How To Manage a Multi-Generational Workforce

Baby Boomers. Millennials. Generation X, Y or Z. No matter what their title, each generation has its own unique characteristics and history. Some members of the current workforce grew up with shared “party lines” as their home phones; others cannot recall life without cellular phones. But despite the differences in age and experience, managers must be careful not to treat workers differently or assume anything about an employee based on their year of birth.

“Although demographics like these are worth considering, I worry about generalizations based on any particular category or label. Unfortunately, I’ve heard these rather wide classifications used as a way of excluding people who have a perceived behavioral pattern because they’re Gen X or a Baby Boomer or whatever the latest label happens to be,” says Rick Gibbs, a Performance Specialist with Insperity.

Despite popular assumptions that all Baby Boomers are fiscally conservative or all Millennials are technology whizzes well-versed in social media, the reality is that managers should be sure to manage each person as an individual, not a member of a certain group. Understanding the qualities typical of certain generations can assist managers with accommodating and motivating people with a wide spectrum of experiences and backgrounds, but such generalizations should not be viewed as absolute.

“[I saw] an interesting program where the idea of the new generation being better at multi-tasking was put to the scientific test. Although the youngsters themselves and others perceive greater ability in this area, the actual tests showed little difference or perhaps a lower ability in this area,” notes Gibbs.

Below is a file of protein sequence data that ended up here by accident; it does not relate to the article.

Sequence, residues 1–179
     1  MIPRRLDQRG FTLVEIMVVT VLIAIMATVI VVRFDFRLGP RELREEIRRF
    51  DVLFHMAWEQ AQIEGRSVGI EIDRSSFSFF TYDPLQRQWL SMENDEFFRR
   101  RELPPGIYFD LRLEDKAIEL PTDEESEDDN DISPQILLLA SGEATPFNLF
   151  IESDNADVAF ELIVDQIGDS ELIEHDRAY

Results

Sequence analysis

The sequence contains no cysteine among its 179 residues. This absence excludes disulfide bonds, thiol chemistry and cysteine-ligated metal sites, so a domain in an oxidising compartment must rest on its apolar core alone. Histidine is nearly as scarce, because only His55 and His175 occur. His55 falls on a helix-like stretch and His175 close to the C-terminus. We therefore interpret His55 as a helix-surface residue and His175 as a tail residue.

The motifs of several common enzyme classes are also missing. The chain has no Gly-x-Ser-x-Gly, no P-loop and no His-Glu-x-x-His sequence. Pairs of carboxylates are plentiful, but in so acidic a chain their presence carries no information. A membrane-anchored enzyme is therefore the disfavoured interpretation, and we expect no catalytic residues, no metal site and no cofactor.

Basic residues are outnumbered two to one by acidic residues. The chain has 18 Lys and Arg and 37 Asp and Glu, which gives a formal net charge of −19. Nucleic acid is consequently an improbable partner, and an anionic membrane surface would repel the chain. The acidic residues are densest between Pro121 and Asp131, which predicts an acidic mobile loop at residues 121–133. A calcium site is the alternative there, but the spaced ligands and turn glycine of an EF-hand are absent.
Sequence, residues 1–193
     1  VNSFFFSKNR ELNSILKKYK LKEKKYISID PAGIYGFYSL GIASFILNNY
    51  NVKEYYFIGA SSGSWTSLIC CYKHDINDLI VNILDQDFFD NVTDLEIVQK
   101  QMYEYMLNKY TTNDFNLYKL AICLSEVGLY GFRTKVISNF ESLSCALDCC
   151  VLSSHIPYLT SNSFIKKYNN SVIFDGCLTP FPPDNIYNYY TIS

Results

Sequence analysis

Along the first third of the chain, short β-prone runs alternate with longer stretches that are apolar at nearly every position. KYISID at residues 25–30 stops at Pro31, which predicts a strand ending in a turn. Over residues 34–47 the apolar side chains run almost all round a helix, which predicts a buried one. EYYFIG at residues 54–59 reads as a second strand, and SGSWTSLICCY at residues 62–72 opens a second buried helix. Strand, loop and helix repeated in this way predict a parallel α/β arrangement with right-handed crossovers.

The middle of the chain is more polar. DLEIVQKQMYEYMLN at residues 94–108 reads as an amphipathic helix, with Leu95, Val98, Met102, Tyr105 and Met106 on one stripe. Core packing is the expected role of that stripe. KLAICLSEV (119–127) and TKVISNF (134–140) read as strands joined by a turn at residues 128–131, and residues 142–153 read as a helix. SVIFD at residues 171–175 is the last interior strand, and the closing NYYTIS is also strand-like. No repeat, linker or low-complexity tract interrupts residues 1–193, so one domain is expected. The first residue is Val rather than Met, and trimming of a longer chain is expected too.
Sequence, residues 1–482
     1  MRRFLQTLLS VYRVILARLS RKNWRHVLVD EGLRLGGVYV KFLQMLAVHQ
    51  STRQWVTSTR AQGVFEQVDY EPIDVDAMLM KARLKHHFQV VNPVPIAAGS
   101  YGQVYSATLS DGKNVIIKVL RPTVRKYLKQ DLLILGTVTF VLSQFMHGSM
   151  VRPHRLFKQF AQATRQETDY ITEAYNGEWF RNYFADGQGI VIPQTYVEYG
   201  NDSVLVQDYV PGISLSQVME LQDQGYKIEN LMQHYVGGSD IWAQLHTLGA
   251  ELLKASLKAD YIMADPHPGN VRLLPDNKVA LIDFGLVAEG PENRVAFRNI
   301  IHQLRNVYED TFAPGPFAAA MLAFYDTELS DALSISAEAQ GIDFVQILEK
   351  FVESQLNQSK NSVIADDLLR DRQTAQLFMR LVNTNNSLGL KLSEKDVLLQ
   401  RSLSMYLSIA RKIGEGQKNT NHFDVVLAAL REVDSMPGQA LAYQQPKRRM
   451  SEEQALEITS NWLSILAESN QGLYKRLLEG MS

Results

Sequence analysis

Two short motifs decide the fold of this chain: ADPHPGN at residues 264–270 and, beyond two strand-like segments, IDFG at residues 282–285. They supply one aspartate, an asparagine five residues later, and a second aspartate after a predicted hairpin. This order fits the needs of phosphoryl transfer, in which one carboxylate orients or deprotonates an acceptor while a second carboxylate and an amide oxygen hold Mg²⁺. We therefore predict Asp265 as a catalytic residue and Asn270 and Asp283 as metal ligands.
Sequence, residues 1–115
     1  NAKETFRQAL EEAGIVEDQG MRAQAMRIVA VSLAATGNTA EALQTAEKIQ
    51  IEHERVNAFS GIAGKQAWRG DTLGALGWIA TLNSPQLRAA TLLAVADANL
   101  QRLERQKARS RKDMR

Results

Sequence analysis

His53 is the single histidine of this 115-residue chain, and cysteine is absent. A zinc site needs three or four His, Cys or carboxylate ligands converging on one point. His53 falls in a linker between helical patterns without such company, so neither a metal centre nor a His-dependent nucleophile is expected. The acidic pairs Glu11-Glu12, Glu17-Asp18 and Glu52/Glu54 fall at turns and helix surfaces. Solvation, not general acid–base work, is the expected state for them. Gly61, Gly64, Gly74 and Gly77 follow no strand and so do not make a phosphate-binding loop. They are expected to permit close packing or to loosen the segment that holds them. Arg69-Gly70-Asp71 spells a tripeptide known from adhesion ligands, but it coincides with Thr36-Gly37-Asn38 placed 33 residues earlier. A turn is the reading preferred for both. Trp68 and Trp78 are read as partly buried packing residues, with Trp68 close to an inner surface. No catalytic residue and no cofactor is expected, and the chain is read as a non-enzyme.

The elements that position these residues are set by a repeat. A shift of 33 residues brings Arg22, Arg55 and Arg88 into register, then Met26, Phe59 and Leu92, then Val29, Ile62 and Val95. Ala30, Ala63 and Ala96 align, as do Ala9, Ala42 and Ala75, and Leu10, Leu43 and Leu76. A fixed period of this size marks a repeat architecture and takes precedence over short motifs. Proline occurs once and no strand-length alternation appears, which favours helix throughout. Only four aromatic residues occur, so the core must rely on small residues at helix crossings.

Though much has been written about how to best manage workers from different generations, accepting such “generational traits” as gospel is dangerous. Any time workers are put into “boxes” by managers, there is a risk of offending an employee or creating a situation that may be construed as discrimination. Managers who use generational stereotypes to determine personnel decisions such as hiring, promotions, or assignments are violating the U.S. Equal Employment Opportunity Commission (EEOC) by making decisions based on a worker’s age.

For example, only seeking input from employees younger than 30 about a new social media project is discriminating against older workers. It’s also short-sighted. Many workers who grew up without the internet are now extremely knowledgeable about all aspects of social media. Don’t assume anything; ask.The best advice for managers is to respect, appreciate and communicate with all workers, regardless of which generational buzzword may apply to them. Respect workers for their skills, education and experiences. Appreciate the value that employee differences bring to your business; the strength of a team is often found in the variety of contributions from its members.

Communication is the adhesive that allows a group of people to function as an effective unit, so managers should be certain that they are using a variety of methods within the work unit. For example, some workers may prefer the interaction during a meeting while others prefer information communicated via e-mail.

“I was doing some research and saw a bullet point that said, ‘Coach the person, not the demographic’,” says Gibbs. “If the analysis is done with the idea that each generation may have traits that are positive and negative, and that a blend of all types of people is a good for everybody, I think it’s more useful.”